Tycho Brahe Prize for Reinhard Genzel

June 01, 2012

The European Astronomical Society has announced that the 2012 Tycho Brahe Prize will be awarded to Professor Reinhard Genzel, in recognition of his outstanding contributions to European near-infrared instrumentation and for ground-breaking work in galactic and extragalactic astronomy.

SINFONI attached to the Cassegrain focus of the VLT Yepun telescope. SINFONI has two parts, the SPIFFI Near Infrared Integral Field Spectrograph and the Adaptive Optics Module.

The Tycho Brahe Prize is awarded in recognition of the development or exploitation of European instruments, or major discoveries based largely on such instruments. MPE-Director Reinhard Genzel and his research group were responsible for building the SINFONI near-infrared integral-field spectrograph for the ESO Very Large Telescope. Since its first light in 2005, SINFONI has become a key instrument for the study of the structure and dynamics of distant galaxies as well as of the dynamics of our home galaxy, the Milky Way.


The SINFONI instrument participated, in particular, in monitoring the movement of stars around the galactic centre - in an unprecedented 20-year-long study. The measurement of the orbits of stars near the centre of the Milky Way has allowed astronomers to provide the strongest evidence to date that the centre of the galaxy harbours a supermassive black hole. Recently, his team has also discovered a cloud of gas falling towards the galactic central black hole, which is disrupted by the strong gravitational fields and will ultimately be swallowed by out galactic black hole.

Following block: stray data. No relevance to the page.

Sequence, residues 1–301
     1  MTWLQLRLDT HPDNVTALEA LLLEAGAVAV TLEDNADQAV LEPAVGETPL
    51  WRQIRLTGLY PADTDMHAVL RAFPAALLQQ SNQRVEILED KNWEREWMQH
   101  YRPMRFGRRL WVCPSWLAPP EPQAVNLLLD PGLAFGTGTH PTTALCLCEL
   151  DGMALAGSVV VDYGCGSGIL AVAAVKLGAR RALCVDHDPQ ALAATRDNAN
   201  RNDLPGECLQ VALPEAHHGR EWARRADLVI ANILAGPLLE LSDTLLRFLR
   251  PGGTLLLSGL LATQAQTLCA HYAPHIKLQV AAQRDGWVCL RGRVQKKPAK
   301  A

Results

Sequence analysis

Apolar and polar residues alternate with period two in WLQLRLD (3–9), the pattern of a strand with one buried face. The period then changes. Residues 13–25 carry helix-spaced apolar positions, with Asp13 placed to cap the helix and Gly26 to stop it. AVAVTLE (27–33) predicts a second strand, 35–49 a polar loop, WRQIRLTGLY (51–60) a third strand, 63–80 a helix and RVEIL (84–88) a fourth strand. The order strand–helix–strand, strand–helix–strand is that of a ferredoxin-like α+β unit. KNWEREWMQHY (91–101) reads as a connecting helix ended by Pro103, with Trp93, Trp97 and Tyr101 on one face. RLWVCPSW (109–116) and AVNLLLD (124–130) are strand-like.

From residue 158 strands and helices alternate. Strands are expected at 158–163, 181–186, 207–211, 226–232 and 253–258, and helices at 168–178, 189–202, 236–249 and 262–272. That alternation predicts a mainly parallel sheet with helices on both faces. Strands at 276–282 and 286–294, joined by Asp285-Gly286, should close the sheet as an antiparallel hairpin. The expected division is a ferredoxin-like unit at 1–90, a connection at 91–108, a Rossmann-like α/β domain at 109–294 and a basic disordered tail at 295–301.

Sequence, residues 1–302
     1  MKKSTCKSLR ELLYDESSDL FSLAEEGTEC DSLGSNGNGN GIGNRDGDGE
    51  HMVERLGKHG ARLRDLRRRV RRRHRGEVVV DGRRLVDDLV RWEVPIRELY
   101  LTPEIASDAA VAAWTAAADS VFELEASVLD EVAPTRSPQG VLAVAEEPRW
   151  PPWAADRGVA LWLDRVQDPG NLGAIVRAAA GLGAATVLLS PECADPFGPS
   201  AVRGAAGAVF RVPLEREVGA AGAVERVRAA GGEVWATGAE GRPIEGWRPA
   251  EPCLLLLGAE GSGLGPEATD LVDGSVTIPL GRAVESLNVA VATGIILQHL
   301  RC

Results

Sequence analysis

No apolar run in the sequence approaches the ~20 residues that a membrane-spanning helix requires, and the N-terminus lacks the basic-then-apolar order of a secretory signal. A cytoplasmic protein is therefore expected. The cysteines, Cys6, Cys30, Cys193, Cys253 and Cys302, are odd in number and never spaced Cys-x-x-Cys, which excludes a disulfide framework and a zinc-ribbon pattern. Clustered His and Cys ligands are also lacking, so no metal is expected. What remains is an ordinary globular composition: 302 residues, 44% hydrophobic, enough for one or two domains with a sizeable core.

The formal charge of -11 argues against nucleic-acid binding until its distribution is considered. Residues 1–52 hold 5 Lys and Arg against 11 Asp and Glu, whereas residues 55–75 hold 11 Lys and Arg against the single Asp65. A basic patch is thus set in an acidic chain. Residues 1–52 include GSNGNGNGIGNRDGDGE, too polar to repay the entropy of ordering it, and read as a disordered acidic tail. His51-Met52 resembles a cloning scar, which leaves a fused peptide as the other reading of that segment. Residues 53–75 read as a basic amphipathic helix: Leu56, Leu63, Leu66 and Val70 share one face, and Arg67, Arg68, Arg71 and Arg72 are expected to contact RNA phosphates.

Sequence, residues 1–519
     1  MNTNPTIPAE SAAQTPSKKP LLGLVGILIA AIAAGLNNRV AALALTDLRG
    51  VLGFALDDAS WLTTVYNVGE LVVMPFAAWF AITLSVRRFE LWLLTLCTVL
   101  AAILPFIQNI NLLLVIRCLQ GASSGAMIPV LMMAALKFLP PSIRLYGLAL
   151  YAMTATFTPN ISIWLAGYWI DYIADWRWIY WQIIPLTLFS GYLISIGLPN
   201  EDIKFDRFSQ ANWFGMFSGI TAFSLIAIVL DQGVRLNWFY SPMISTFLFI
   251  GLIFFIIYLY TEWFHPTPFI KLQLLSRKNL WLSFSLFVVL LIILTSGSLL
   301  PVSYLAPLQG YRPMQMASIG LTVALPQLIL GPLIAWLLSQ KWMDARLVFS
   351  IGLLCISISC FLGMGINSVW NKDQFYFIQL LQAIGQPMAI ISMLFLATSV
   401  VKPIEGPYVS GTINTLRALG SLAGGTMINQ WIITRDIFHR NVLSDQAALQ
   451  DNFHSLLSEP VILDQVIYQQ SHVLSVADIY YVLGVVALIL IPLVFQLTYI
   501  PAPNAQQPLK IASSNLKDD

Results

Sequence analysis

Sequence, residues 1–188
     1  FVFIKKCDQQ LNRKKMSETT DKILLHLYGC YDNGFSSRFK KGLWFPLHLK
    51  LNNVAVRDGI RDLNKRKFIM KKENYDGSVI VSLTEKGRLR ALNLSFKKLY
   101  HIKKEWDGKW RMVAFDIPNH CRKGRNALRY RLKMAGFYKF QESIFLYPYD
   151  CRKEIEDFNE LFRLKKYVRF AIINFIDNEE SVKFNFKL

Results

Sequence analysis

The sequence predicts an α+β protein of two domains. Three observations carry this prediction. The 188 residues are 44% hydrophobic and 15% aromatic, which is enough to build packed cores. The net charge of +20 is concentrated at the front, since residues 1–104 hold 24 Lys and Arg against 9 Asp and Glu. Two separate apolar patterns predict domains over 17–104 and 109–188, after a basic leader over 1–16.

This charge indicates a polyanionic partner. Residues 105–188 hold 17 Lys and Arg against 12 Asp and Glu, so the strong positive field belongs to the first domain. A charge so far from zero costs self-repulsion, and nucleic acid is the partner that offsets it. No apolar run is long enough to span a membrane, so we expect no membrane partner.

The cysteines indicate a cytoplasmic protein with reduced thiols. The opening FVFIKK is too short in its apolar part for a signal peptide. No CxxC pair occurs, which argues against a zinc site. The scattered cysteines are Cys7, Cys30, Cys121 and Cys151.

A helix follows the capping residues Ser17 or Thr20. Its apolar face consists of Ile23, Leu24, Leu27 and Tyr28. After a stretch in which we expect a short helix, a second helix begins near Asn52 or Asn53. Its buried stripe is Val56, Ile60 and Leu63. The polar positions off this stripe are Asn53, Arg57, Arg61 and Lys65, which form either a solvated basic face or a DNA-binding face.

(see MPE press release of December 14, 2011)

Spatially resolved optical and millimetre images of a typical massive galaxy at redshift z=1.1 (5.5 billion years after the Big Bang). For the first time these observations clearly showed that the molecular line emission and the optical light from massive stars trace a massive, rotating disk of diameter ~60,000 light years.

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